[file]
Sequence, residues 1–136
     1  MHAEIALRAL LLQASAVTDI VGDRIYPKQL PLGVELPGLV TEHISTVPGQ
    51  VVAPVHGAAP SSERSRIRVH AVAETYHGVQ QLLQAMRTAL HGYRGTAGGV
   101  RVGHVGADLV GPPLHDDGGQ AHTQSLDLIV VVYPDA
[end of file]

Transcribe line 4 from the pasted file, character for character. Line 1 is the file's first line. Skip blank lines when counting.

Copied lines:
   101  RVGHVGADLV GPPLHDDGGQ AHTQSLDLIV VVYPDA